“I also have trouble with timing. I mean, I tend to always start dinner too late. Are there any tricks that will help me not feel like I am rushing? I know in chatting with you before I’ve heard you reference how you prepare things a little here and there. I’d love to know some of your tips for getting it all pulled together!”
I get it – timing is one of the trickiest aspects of meal planning, for sure. And Caroline has four young children (the oldest is seven!), so planning ahead for meals is not just a nice idea – it’s essential.
One of the biggest adjustments I had to make when Noah was born was getting used to performing tasks in little parcels of time again. I no longer had those long stretches while the kids were at school. Nor was I able to leave a toddler unattended while I started chopping, mixing and frying.
Fortunately, I never stopped using the skills I learned when Chelsea and Conor were little, as they made cooking much less stressful. And Caroline has already conquered the first step toward hassle-free dinnertimes – meal planning. By a) knowing what she’s making each night, and b) having all of her ingredients on-hand, she’s ready to go.
Here’s what she needs to do to take it to the next level:
Become a “master of efficiency” – since I know what I’m making for dinner every night, prep can start as early as I like – often first thing in the morning. Even if I only have five free minutes I’ll take on at least one task that will get me closer to the finish line. You won’t believe how a few minutes here and there really add up. On days when I’m flying into the house to get dinner underway (sometimes with my coat still on!), I am so grateful to the “early-in-the-day” me that gave the “oh-my-god-it’s 5 o’clock!” me a running start.
Here are some examples of tasks that take ten minutes (or less):
* Fill the pot of water for pasta; put it on the stove.
* Chop the veggies/crack the eggs/grate the cheese.
* Bread the chicken cutlets and stack them on a plate, separating the layers with wax paper.
* Marinate the chicken/steak (bonus points for having a stash already marinated in the freezer – now you just have to place in the fridge to defrost).
* Drain and rinse canned beans.
* If you’re baking, combine the dry ingredients (leavening agents – like baking powder – are not activated till they hit the wet ingredients, so you can mix them in advance).
* Wash and dry the salad greens; wrap in a paper towel and keep in the fridge.
* Make the vinaigrette; keep in a jar for a quick shake prior to using.
Double up – I will often plan two meals during the week that have similar ingredients, so that I can take care of prep for both. For example, I may dice a couple of carrots for a soup on Monday and grate what I need for a slaw a few days later.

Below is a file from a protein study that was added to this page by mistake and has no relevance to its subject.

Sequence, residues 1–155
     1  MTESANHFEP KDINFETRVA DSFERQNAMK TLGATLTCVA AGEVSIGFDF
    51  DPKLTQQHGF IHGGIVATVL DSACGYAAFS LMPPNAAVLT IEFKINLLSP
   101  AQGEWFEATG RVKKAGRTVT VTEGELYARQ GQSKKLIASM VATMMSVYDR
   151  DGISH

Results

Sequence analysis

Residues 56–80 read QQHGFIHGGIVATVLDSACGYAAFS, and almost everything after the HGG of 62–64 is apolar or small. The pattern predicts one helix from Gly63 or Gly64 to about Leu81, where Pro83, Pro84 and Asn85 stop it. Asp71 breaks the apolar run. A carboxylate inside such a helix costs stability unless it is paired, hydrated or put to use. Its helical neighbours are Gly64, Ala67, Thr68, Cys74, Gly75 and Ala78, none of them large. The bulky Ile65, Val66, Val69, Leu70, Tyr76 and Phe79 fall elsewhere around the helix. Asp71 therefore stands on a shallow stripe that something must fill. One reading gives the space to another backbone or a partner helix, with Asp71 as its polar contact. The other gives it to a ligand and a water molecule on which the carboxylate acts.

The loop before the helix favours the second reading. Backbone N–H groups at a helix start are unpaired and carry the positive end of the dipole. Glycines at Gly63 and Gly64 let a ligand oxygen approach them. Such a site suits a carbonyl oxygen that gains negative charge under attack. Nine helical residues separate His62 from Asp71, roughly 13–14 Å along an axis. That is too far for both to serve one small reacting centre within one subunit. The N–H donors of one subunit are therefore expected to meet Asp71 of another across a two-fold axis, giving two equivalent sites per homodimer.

Employ your “helpers” – Chelsea and Conor had no interest in helping me cook when they were little (and, truthfully, I was happy to have the kitchen to myself). Noah is another story. While I wouldn’t say he loves assisting me, there are times when he’s at loose ends and I must get some prep underway. I can almost always find a task for him to do. Does it take a little longer? Yes. Is it exactly how I would do it? Of course not. But during those times, it is far preferable to trying to distract him with something else.
Trim. Clean. Repeat. – Items like carrots, celery and peppers never go into the fridge before being washed, peeled and trimmed first. I detest this task and have found, that by getting it out of the way in one marathon session, I’m rewarded all week long. The veggies are not only ready to go for all of my recipes, doling out a healthy snack is that much easier.
Time’s up – Knowing how long a meal takes – from start to finish – is essential in figuring out what time you need to begin. Think about things like pre-heating the oven, or bringing an ingredient to room temperature. You get it. I’m forever working backward from six o’clock to figure out what time I have to start a particular meal. This doesn’t happen overnight – or even every time. But making notes can be helpful in terms of staging multiple components to a meal and figuring out a timeline so that everything is finished pretty much at the same time.
It also helps to set realistic goals for each meal. If I’m frying up chicken cutlets, I probably won’t make side dishes that need a lot of attention. A salad that can be assembled ahead of time, rice that cooks itself in the microwave, that sort of thing. On the other hand, if Mike is grilling or if I’m baking a chicken I might tackle a side or two that is more time-consuming. A perfect example is one of my personal favorites – this fried chicken salad, composed of chicken strips served with greens and topped with toasted pecans, red onion slices and grated cheddar cheese. It’s served with the most heavenly pecan-honey vinaigrette. The chicken is fairly time consuming, what with the slicing, breading and frying. But the greens, dressing and pecans can all be prepped earlier in the day (or even the day before). You can even bread the chicken early on so that all you need to do come 5 o’clock is fry it up.
Mise en place – I am such a fan of this technique that I wrote a whole post about it! Time spent chopping and assembling ingredients prior to cooking will save so much time on the back end, and you’ll find that the whole process goes much more smoothly. Try it and see how it works for you!
Whew! I feel like I’ve thrown a lot out there. But look – we all lead hectic stressful lives. No two days are the same, and if you have kids, you’re often running in a million directions all afternoon. These tips are super easy to master and will make a world of difference. And after a while it will become second nature to start prepping for dinner while sipping your morning coffee.
Okay, maybe after you’ve finished your coffee.
New to this series? No problem; you can catch up here!